It’s been two years since the Department for Transport (DfT) fired the starting gun on the roll-out of new lane-rental schemes across England and Wales. The new schemes give local authorities powers to charge utility companies significant sums of up to £2,500 per day for carrying out street works on busy roads at peak times.
Let’s face it, congestion is a problem in many of our towns and cities, and traffic norms will likely slide back to their previous levels as lockdown restrictions ease. The street works sector has an important responsibility to help ease this problem by carrying out work outside peak hours wherever possible and already does so in most cases.
Street Works UK’s members are strongly committed to working with partners in highways authorities to ensure critical works are delivered effectively and efficiently with minimum disruption to road users and pedestrians. Some works can be scheduled around off-peak hours, but not always. Pipes burst unexpectedly, electrics develop breaks, and fibre connections get interrupted – even with the very best intentions and care in placement and reinstatement. We believe the further increase in restrictions to utility companies through the Lane Rental schemes will have a limited impact on congestion, given existing good practice in the sector to carry out works as non-intrusively as possible.
Although the DFT has issued guidance around Lane Rental schemes, it’s up to individual local authorities to consult and implement their own schemes. As the schemes begin to rollout, some local schemes have, frankly, strayed from what one would imagine –and each of us as tax-payers might hope –as being the Government’s original purpose for Lane rental; an intent to remove and reduce traffic congestion.
Some authorities have decided to apply Lane Rental charges to public footpaths. Works on footpaths are explicitly excluded from the application of Lane Rental charges in the DfT’s guidance, except where a footpath closure requires the provision of a safe route for pedestrians which impacts a carriageway directly. We believe that potential scope creep of Lane Rental schemes around footpaths will lead to escalating costs for utilities and ultimately impact customers without reducing congestion one iota.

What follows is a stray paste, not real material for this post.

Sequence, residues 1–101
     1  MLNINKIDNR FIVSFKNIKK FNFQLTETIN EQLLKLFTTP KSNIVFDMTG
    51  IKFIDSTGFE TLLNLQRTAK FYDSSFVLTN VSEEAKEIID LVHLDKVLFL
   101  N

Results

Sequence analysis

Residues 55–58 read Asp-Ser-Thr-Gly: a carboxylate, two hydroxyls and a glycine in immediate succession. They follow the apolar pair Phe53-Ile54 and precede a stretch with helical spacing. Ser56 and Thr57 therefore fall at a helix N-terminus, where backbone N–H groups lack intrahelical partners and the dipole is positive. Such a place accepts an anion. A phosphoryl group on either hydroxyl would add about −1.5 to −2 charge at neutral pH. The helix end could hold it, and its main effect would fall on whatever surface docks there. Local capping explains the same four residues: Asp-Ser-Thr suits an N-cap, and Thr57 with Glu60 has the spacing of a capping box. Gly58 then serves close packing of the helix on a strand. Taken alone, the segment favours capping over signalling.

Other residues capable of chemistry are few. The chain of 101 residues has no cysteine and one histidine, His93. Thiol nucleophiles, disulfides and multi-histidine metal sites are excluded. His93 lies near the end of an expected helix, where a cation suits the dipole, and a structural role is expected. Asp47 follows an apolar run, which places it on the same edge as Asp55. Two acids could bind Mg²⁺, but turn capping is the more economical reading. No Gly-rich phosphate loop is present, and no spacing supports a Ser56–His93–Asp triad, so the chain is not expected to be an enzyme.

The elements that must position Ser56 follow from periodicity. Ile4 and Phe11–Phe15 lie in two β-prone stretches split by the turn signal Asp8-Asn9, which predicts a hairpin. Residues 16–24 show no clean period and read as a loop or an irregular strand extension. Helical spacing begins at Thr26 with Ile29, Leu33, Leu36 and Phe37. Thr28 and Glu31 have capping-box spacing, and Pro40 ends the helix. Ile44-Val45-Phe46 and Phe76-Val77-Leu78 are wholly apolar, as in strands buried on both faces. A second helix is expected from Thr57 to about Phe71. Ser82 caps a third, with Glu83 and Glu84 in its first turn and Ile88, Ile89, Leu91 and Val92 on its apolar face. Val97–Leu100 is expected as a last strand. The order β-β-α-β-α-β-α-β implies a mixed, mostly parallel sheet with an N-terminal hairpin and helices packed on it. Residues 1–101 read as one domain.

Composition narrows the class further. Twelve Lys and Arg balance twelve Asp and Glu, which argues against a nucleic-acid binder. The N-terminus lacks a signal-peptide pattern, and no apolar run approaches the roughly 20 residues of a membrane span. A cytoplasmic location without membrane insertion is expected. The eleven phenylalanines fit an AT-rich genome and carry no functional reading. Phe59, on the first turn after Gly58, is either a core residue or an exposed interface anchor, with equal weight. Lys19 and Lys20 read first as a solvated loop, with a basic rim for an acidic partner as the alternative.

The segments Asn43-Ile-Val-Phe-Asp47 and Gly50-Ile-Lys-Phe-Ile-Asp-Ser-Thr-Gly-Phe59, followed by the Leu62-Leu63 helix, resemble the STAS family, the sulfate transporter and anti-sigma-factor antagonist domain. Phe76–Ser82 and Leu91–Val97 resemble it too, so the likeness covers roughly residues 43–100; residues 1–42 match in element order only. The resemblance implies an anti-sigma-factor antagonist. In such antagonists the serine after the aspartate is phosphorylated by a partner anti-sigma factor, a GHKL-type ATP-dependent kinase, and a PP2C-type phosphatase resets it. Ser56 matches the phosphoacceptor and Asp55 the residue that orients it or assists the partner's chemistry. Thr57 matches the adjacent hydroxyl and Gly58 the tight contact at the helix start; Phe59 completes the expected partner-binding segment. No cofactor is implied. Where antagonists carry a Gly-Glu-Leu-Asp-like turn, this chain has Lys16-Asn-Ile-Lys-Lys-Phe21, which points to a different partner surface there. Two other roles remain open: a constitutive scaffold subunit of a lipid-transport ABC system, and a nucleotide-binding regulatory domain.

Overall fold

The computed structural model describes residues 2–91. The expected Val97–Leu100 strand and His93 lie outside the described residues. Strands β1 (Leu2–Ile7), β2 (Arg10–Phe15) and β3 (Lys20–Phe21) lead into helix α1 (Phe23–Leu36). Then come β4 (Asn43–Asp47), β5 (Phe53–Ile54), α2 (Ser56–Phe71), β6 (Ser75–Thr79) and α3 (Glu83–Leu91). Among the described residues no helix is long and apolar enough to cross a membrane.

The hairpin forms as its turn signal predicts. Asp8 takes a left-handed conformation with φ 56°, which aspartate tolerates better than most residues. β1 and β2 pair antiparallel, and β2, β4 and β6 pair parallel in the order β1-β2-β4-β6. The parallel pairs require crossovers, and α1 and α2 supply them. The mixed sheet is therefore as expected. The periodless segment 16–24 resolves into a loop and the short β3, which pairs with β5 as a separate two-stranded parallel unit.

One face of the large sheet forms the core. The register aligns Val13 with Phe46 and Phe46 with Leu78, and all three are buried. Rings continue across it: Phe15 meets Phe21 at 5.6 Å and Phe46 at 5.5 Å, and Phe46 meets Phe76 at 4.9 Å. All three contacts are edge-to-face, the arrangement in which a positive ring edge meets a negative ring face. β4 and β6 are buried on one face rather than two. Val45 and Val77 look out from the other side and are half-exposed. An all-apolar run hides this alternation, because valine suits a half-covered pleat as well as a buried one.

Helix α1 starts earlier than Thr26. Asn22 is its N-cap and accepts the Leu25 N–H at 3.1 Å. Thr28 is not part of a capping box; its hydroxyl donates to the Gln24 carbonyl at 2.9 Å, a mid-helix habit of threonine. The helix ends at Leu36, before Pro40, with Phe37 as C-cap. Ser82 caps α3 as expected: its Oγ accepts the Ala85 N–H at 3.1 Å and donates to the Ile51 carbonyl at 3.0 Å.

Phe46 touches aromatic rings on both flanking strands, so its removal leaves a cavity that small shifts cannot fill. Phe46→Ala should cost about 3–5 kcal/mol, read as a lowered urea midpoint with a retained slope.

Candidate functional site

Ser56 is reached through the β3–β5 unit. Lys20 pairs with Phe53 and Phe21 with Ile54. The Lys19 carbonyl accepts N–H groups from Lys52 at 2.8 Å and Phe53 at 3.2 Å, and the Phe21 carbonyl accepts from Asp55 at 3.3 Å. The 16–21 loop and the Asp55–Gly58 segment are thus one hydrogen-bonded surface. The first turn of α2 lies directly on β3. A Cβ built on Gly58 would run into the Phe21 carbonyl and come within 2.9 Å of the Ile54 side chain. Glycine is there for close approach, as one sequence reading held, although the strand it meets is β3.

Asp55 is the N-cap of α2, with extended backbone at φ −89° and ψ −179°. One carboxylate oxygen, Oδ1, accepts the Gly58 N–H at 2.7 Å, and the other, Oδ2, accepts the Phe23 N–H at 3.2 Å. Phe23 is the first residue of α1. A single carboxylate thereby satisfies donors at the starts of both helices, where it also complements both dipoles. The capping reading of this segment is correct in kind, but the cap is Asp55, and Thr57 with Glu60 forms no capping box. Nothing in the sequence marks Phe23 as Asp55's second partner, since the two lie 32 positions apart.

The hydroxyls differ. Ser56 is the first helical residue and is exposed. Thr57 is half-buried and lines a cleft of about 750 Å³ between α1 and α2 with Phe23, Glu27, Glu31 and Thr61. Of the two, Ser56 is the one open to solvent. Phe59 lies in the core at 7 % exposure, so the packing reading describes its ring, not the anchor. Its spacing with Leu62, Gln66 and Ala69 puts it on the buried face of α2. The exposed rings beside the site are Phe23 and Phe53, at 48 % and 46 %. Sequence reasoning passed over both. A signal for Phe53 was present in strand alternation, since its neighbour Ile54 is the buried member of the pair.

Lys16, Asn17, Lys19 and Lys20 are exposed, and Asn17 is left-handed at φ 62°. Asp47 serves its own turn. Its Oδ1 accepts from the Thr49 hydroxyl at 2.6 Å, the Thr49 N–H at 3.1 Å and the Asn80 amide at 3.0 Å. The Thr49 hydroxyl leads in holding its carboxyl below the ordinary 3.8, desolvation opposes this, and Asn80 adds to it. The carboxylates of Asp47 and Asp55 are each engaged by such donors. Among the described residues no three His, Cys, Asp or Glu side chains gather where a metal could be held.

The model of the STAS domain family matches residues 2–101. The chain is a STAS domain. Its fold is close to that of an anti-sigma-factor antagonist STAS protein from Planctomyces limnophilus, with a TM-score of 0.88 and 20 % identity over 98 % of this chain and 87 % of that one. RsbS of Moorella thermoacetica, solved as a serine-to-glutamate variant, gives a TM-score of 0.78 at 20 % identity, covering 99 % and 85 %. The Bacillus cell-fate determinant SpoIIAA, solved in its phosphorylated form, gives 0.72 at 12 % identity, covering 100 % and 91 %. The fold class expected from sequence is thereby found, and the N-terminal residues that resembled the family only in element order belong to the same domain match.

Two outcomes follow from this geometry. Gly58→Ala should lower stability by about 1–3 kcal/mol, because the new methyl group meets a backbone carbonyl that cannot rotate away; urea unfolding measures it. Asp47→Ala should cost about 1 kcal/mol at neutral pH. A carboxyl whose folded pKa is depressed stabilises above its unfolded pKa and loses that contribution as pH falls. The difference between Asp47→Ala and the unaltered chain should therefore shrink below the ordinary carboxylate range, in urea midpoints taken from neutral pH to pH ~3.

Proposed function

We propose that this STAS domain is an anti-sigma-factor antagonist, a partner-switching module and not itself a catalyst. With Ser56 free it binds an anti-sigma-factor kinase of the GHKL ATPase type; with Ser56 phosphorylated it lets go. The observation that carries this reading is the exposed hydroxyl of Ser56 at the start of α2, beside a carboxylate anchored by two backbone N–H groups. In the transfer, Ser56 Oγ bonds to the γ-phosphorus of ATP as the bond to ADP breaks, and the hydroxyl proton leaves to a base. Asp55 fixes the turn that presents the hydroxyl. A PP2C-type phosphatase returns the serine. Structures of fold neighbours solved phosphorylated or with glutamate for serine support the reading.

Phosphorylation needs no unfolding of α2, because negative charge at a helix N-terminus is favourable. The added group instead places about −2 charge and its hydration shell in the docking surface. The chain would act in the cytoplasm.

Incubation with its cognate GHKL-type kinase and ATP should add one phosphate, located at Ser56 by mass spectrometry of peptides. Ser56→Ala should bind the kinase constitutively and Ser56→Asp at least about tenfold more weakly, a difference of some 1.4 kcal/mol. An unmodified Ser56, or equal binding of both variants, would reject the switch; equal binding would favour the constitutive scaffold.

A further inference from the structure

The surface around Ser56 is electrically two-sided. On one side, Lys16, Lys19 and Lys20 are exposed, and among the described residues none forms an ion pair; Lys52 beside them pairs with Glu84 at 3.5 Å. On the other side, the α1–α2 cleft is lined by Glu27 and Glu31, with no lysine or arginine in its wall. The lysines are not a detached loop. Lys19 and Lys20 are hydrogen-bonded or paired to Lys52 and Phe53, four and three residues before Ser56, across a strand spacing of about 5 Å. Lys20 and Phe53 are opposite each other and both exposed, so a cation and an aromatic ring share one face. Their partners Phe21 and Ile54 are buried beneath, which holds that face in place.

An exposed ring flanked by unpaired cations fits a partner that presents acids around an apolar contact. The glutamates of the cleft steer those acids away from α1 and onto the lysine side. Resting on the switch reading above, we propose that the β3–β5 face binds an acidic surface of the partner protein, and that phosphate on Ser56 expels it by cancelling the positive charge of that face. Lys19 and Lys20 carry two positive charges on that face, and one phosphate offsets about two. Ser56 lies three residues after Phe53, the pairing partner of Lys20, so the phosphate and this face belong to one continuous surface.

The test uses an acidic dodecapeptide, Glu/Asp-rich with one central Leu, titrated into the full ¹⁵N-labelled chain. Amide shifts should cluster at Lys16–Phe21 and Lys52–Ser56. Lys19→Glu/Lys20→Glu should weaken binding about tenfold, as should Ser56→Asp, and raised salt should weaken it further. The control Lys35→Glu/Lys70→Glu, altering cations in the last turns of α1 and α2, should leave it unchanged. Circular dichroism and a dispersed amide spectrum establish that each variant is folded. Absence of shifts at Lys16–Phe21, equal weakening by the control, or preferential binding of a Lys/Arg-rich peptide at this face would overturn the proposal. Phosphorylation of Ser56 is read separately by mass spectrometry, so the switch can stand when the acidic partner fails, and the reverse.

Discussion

As initial schemes take shape, there is a crucial opportunity to set the right tone for Lane Rental and step back from the brink of potentially cumbersome and inconsistent approaches across local authorities that harms road users -as well as the Government’s own wider goals around infrastructure build and key utilities’ delivery.
Many will know that in the coming months and years, street works will be a vital enabler of the Government’s priorities around economic recovery, levelling up, and transitioning to net-zero. Infrastructure projects to help future-proof the UK economy, such as super-fast broadband and upgrades to the electricity networks to allow for increased electric car usage, will all require street works. That is because these pipes and wires mostly run quietly under our nation’s roads in a complex web of hidden connectivity.
As a result, poorly thought out Lane Rental schemes will add costs, skew well-thought-through plans, and obstruct in such a way that they could be a significant drag on upgrading Britain’s towns and cities, slowing down progress and adding additional unnecessary cost burdens.
DfT guidance must inform the roll-out of Lane Rental schemes in different areas. For example, local authorities should particularly ensure their schemes do not cover more than 5% of their road network focused on the most traffic sensitive roads as per the guidance-and backed up by clear data.
Rather than imposing arbitrary charges through poorly executed Lane Rental schemes, we believe the street works sector can work in tandem with local authorities to realise our shared ambition of upgrading essential infrastructure. Doing this via consistent schemes that do not demand further training on a multitude of different schemes will help the workforce to deliver quality build and repairs to infrastructure at pace.
In November 2020, Street Works UK launched a shared Vision for Street and Road Works with local authorities, consisting of key goals around digitalisation, collaboration and innovation.
Drawing on this vision, utilities and local authorities can seamlessly work together to deliver public benefits which realise the UK’s full potential by drawing on innovative practice and embracing greater digitalisation but not be hamstrung by schemes that add obfuscation with no benefit to decongestion. Ensuring fairness and consistency in new Lane Rental schemes are both an important part of this puzzle, and we will continue to advocate for our members and the local communities we support through our work deploying and upgrading essential infrastructure.
Written by Clive Bairsto, Chief Executive of Street Works UK